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Last week, I was reflecting on a talk I heard about the power of moments and how those moments build iconic brands. It reminded me of my own “best” experiences and others I’ve heard of. Why are they so good and memorable? How can a brand become so strong that it maintains a high level of brand advocacy? Let’s look at a few of these companies and their unique areas of focus.
1 – Create Memorable and Emotional Connections
A lifelong memorable experience is a rare thing. It’s even rarer to pass that on to another generation. That’s what the Disneyland brand is all about. Parents bring their children. Those children grow up and bring their children. And positive memories continue uninterrupted.
In How the Magic Happens, former Disney vice president Jody Jean Dreyer describes how the park uses immersive experiences as an extension of their core brand: people, story, and attention to detail. For example, they use smell to create a complete experience because the sense of smell is hardwired into our brains, specifically the area that handles emotions. Even the wafts of popcorn along Main Street U.S.A. are by design.
By tending to every part of an experience, Disneyland creates an intimacy across generations that combines user interaction with a brand, which creates an emotional connection. In other words, “the happiest place in the world” becomes a hardwired experience of moments.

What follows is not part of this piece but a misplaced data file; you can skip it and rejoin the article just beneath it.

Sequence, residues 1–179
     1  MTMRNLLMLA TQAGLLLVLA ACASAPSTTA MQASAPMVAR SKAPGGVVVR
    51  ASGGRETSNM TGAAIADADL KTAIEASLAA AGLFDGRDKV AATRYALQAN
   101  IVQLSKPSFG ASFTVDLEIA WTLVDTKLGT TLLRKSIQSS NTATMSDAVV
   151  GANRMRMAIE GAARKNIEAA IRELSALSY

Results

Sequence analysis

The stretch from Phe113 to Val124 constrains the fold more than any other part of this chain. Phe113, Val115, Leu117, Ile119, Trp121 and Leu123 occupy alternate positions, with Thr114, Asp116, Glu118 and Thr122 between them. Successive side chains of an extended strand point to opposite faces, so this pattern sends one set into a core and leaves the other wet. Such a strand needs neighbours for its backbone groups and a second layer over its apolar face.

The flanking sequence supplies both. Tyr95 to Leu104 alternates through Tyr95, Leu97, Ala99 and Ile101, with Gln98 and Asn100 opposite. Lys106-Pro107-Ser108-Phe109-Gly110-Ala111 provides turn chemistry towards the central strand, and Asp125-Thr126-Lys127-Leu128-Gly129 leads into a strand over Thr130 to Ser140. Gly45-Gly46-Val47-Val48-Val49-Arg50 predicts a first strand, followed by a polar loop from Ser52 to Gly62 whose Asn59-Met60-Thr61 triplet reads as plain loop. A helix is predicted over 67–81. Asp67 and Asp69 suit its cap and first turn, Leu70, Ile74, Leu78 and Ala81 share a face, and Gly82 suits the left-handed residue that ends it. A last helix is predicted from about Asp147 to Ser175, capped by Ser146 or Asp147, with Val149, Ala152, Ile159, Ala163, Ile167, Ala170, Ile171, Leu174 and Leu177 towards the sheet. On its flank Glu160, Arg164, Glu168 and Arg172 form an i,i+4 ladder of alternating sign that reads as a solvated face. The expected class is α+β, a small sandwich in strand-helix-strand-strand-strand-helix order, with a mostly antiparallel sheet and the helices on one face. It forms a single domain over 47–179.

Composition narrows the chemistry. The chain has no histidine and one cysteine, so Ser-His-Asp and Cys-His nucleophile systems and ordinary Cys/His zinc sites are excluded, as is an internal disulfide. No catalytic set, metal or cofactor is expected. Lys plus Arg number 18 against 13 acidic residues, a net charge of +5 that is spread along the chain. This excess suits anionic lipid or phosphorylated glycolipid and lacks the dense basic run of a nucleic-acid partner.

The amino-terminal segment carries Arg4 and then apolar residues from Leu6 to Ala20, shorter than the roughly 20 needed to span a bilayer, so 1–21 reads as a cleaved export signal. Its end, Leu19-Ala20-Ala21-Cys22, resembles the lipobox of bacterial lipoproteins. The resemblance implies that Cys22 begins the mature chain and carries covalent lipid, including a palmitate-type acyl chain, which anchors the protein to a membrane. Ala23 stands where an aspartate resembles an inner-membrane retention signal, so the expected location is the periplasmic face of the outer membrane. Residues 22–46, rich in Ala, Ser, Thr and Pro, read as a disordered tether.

2 – Empower Employees for Great Experiences
Zappos does a lot of things differently than other companies, including its focus on culture. One Zappos employee describes the culture as “trying to make someone else’s day a little brighter… choosing to be positive, rather than automatically discounting someone… we don’t always know what that person’s reality and experience is.”
Zappos puts a high level of trust in employees to do the right thing, without restrictive scripts or unnecessary rules. The company approach: Extend trust and get WOW in return. This is seen in the company’s use of the telephone, which Zappos considers critical to building personal connections. When a customer calls, empowered agents spend as much time as needed to create a great experience. In fact, Zappos is looking at ways to get more people to call because it’s such a valuable marketing and brand builder.
A single great phone interaction creates a powerful memory that “this company wants to be my friend.”
3 – Deliver a Sense of Belonging and Purpose
In 2017, USAA once again led the banking industry in customer experience quality, which it delivers to military members and their families. The bank designs its services specifically to alleviate stress for its customers and as a result, it builds trusted relationships for life.
This mission to serve is deeply ingrained in its culture. For example, employee training is steeped in military experience. Workers receive bona fide deployment letters and “meals ready to eat,” all designed to help them get inside the customer’s mindset.